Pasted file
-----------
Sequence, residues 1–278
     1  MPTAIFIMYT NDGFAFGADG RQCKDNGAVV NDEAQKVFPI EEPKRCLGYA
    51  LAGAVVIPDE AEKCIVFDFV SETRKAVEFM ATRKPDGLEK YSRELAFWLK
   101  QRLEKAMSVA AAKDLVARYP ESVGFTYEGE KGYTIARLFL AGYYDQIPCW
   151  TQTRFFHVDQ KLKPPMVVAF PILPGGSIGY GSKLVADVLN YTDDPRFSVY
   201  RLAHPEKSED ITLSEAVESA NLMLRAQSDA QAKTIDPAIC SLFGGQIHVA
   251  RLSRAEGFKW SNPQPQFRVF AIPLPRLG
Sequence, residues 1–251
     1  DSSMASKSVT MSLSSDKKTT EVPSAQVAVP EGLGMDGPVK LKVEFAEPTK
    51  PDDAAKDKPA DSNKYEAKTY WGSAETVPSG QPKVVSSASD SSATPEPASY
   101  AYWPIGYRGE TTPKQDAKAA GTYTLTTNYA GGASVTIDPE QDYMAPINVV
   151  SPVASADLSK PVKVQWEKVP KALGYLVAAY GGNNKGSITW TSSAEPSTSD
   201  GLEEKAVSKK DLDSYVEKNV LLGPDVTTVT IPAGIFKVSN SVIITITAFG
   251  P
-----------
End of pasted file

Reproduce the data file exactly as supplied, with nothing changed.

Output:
Sequence, residues 1–278
     1  MPTAIFIMYT NDGFAFGADG RQCKDNGAVV NDEAQKVFPI EEPKRCLGYA
    51  LAGAVVIPDE AEKCIVFDFV SETRKAVEFM ATRKPDGLEK YSRELAFWLK
   101  QRLEKAMSVA AAKDLVARYP ESVGFTYEGE KGYTIARLFL AGYYDQIPCW
   151  TQTRFFHVDQ KLKPPMVVAF PILPGGSIGY GSKLVADVLN YTDDPRFSVY
   201  RLAHPEKSED ITLSEAVESA NLMLRAQSDA QAKTIDPAIC SLFGGQIHVA
   251  RLSRAEGFKW SNPQPQFRVF AIPLPRLG
Sequence, residues 1–251
     1  DSSMASKSVT MSLSSDKKTT EVPSAQVAVP EGLGMDGPVK LKVEFAEPTK
    51  PDDAAKDKPA DSNKYEAKTY WGSAETVPSG QPKVVSSASD SSATPEPASY
   101  AYWPIGYRGE TTPKQDAKAA GTYTLTTNYA GGASVTIDPE QDYMAPINVV
   151  SPVASADLSK PVKVQWEKVP KALGYLVAAY GGNNKGSITW TSSAEPSTSD
   201  GLEEKAVSKK DLDSYVEKNV LLGPDVTTVT IPAGIFKVSN SVIITITAFG
   251  P